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    President Barack Obama speaks at the Treasury Department in Washington, Tuesday, June 14, 2016, following a meeting with his National Security Council to get updates on the investigation into the attack in Orlando, Florida and review efforts to degrade and destroy ISIL.

    Obama’s No-First Use of Nukes Initiative a ‘Ploy to Justify US Missile Shield’

    © AP Photo / Susan Walsh
    Asia & Pacific
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    President Obama’s planned announcement of a “no first use” nuclear policy and the negative response to this from Washington’s Asia-Pacific allies South Korea and Japan will fuel public attention towards Hillary Clinton’s military doctrine, South Korean and Chinese defense experts said in an interview with Sputnik.

    “The highly publicized statements about the US not to be the first to use nuclear weapons look more like an attempt to justify the missile defense shield now being deployed under US command,” Dong-Yup Kim, researcher at the Institute for Far Eastern Studies, Kyungnam University, said.

    He added that by his last-minute drive for a foreign-policy legacy Barack Obama apparently wants to be remembered as a peacemaker and that he will hardly change his mind in his remaining months in the White House.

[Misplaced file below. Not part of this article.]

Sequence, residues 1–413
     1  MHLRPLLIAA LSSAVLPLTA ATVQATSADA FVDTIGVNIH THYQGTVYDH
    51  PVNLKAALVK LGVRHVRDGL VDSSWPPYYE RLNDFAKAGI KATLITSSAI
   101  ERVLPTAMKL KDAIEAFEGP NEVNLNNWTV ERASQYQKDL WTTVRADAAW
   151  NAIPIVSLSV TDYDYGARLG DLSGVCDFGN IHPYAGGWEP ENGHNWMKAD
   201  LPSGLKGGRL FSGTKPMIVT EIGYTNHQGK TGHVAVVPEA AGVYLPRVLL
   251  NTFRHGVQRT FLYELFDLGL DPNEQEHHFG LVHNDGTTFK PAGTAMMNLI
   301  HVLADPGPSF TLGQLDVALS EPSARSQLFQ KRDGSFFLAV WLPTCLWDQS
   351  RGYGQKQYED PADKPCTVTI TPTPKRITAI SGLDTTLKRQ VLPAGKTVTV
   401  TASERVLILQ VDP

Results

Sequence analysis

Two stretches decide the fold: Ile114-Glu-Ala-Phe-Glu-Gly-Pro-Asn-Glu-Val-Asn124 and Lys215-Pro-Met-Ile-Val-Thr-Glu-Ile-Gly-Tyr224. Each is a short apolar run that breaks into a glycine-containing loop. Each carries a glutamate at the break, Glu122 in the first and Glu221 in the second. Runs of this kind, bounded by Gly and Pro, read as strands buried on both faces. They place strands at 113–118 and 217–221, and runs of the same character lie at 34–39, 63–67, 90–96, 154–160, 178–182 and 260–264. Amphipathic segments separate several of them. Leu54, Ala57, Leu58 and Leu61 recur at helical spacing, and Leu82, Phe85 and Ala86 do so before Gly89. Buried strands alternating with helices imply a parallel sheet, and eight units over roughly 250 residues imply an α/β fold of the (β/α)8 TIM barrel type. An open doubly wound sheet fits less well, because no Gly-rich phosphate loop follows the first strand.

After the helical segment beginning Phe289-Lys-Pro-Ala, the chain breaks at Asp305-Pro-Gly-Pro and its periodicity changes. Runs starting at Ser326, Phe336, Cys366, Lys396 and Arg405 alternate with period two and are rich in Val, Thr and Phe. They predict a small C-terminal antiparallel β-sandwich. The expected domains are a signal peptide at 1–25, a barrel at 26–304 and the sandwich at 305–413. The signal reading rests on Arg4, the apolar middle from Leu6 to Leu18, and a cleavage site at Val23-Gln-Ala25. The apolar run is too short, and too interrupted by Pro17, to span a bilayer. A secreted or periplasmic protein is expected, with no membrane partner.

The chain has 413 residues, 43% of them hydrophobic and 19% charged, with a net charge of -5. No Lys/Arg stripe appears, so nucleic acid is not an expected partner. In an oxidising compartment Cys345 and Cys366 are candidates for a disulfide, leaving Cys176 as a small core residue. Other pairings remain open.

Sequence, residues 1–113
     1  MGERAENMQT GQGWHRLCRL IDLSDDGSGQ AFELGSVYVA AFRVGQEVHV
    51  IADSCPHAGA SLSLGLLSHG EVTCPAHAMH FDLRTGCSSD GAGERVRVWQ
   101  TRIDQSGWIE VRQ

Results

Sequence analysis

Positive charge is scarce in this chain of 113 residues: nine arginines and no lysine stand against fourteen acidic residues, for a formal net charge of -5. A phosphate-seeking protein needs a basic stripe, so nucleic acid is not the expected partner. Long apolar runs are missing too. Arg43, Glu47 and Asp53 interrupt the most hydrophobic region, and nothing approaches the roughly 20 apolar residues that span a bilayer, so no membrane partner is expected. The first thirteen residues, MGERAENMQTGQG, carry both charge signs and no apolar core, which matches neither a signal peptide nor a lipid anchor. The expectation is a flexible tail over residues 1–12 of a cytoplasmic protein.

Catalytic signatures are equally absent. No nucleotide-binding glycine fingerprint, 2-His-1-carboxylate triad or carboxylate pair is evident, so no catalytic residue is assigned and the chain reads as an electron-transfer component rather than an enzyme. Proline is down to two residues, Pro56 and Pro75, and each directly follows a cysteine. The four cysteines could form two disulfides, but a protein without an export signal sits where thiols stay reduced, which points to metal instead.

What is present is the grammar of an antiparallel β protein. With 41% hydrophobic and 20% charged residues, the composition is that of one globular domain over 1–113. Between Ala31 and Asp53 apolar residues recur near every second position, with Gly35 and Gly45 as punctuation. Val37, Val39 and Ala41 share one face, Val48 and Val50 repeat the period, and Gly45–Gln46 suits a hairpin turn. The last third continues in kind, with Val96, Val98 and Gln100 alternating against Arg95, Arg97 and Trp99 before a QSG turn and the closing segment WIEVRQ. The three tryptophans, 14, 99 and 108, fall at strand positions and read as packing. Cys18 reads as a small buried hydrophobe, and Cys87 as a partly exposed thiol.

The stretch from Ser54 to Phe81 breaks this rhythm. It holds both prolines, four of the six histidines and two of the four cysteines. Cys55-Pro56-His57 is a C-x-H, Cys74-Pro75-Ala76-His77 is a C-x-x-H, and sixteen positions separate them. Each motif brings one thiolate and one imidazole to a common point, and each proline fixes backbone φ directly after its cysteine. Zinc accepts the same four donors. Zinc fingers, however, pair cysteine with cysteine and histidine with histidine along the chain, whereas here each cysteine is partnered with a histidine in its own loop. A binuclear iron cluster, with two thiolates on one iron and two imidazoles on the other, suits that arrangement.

Dong-Yup Kim described President Obama’s statements as “abstract and symbolical” and “devoid of any practical meaning,”

    “In any case [these statements] are starkly at variance with President Obama’s policy of building up missile defense, so they do not merit any serious attention. If Hillary Clinton is elected, this concept will vanish into thin air,” he emphasized.

    Meanwhile, President Obama’s initiative could become a major factor in the ongoing presidential race in the US with Donald Trump’s oft-repeated desire to weaken military alliances, while Hillary Clinton insists on the very opposite.

    In an article titled “Will South Korea Go Nuclear?” published by the Bulletin of the Atomic Scientists, Robert Einhorn, senior fellow at the Brookings Institution, wrote that the United States “will have to give high priority to reassuring South Koreans that they can count on the US extended deterrent. That will require frequent and highly visible demonstrations of commitment, including high-level statements of support by American officials, joint exercises to show collective resolve, and tangible indications — such as B-52 and B-2 flyovers — that US strategic assets remain at the disposal of the alliance.”

    Commenting on Japan’s nervous response to President Obama‘s potential declaration of a “no first use” nuclear weapons policy for the United States, Dr. Da Zhogang, Director of China’s Institute of Northwest Asian Studies, said that it was out of trend with Tokyo’s traditional anti-nuclear policy.

    “As the world’s only country to have suffered the effects of a nuclear attack, Japan should fight to rid the world of nuclear weapons. Japan does not have nuclear arms, but if it did, it should stick to the policy of the non-use of such weapons,” Dr. Da Zhogang told Sputnik.

    Related:

    Will Obama Have the Guts to Ditch America’s First Nuclear Strike Policy?
    Japan’s Abe Said to Resist Obama’s No First Use Nuclear Proposal
    Tags:
    initiative, Obama, missile defense system, nuclear, Institute for Far Eastern Studies, Da Zhogang, Dong-Yup Kim, Barack Obama, South Korea
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